The thief enters the room flying. There is no weight on the floor so the agitation isn't set off. The thief can scout the stuff in the room and move those things of interest to the doorway for later investigation.
    This far is correct.

    If floating, whether by levitation or excellent flight, the thief can hold aside the curtain and open the secret door without risk of tearing the curtain if he's not touching the agitated floor (asuming his flight manueverability is good enough to hover with). This allows everyone else to cross the room in safety, at most taking 1 hit point of damage from the agitated floor.

    This would also include the Thief unhooking the tapestries at the ceiling and not yanking on them.
    IMO, the phrase, 'firmly affixed' indicates the tapestries cannot be simply unhooked. They are apparantly attached either by solid rings or magically nailed into the wall. Knowing Gygax, he would simply rule that any attempt to remove the tapestries tore them, or else that removing the tapestries from their bindings broke the spell that kept them in tapestry form.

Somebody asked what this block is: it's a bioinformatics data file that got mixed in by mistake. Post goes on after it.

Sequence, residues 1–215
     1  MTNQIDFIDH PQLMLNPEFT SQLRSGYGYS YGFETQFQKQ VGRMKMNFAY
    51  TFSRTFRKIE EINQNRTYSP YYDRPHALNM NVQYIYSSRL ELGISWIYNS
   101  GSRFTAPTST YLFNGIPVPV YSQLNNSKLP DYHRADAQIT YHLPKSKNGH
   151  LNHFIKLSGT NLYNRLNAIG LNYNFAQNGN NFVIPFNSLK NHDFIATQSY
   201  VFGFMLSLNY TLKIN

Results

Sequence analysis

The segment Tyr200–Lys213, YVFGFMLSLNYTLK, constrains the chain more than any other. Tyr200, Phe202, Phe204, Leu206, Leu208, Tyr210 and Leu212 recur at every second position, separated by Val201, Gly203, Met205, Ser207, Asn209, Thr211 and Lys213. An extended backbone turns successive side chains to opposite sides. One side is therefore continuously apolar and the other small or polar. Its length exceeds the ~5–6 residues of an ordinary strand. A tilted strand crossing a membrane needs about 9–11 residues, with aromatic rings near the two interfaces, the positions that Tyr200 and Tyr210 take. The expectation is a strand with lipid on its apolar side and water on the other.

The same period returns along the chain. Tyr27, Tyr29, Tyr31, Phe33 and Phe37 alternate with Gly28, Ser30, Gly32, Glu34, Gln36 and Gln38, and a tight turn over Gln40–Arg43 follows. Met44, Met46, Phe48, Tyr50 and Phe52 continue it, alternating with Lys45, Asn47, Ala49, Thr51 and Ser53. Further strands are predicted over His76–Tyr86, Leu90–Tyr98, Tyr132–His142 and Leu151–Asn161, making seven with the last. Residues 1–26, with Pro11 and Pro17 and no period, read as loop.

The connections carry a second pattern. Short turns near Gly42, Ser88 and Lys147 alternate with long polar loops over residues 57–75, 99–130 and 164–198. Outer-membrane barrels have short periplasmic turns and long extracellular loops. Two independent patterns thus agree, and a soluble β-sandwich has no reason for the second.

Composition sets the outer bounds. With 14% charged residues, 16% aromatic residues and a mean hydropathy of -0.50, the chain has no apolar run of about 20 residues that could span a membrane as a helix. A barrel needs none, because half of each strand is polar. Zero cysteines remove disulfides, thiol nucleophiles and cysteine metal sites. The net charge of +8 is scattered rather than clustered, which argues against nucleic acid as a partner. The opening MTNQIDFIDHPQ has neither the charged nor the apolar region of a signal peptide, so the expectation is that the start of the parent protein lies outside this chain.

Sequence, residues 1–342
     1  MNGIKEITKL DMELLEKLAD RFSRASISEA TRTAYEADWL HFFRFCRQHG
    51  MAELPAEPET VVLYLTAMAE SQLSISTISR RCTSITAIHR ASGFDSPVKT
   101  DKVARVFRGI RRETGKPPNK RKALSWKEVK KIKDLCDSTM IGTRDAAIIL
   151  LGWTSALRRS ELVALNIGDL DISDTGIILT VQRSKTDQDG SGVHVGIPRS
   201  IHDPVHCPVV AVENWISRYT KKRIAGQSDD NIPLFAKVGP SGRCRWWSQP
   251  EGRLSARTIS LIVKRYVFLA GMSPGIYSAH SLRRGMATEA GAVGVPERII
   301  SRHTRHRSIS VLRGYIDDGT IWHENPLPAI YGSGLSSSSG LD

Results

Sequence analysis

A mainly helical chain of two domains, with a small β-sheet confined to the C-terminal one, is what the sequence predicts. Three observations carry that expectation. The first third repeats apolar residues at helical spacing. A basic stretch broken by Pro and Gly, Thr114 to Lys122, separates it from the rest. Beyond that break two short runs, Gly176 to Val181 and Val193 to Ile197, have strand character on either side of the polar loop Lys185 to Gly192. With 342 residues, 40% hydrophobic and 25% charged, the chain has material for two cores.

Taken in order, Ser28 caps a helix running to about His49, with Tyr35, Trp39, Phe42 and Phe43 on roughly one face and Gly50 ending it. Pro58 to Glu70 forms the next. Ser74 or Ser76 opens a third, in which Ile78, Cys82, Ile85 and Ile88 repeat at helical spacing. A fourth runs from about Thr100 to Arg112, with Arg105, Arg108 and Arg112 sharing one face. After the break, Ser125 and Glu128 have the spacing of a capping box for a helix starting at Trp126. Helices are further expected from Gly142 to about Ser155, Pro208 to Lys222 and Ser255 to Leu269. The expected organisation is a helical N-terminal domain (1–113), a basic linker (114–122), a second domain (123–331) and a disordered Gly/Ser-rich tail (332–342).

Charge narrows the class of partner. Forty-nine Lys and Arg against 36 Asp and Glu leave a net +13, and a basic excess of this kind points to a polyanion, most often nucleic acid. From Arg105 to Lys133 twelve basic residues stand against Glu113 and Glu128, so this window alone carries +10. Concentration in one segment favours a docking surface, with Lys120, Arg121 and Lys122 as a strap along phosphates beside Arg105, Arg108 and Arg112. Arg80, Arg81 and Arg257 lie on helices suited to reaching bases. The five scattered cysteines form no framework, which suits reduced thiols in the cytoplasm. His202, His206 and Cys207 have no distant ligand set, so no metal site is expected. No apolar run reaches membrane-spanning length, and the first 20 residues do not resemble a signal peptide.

Should the Thief resort to cutting the tapestries loose, he'll almost certainly be flying above the resulting sea of slime as opposed to in it. Even if the ruling is he is attacked by the slime, it'd likely be a normal attack that allows the Thief and party to respond.
    This is generous, and we must assume that the DM is not going to be generous in his rulings in ToH.

  5. #15
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    Quote Originally Posted by PapersAndPaychecks View Post
    I'm not sure I understand how a thief on a rope would solve room #21 any better. Could you elaborate?
    It's rope + flight. Flight solves most of the problems, but a) flight in 1e had a random duration. The purpose of the rope was primarily to belay me in the event that flight failed unexpectedly. Also b), having a rope around me allowed me to be pulled out of situations where the trap was not triggered by pressure plates and the like. In particular, a rope around the scout is essential for surviving the trap in area #23.

  6. #16
    Quote Originally Posted by Celebrim View Post
    It's rope + flight. Flight solves most of the problems, but a) flight in 1e had a random duration.
    Flight in 1e still does have a random duration. I've never understood why so many ENWorlders discuss 1e in the past tense, it's bizarre.

  7. #17
    Quote Originally Posted by amerigoV View Post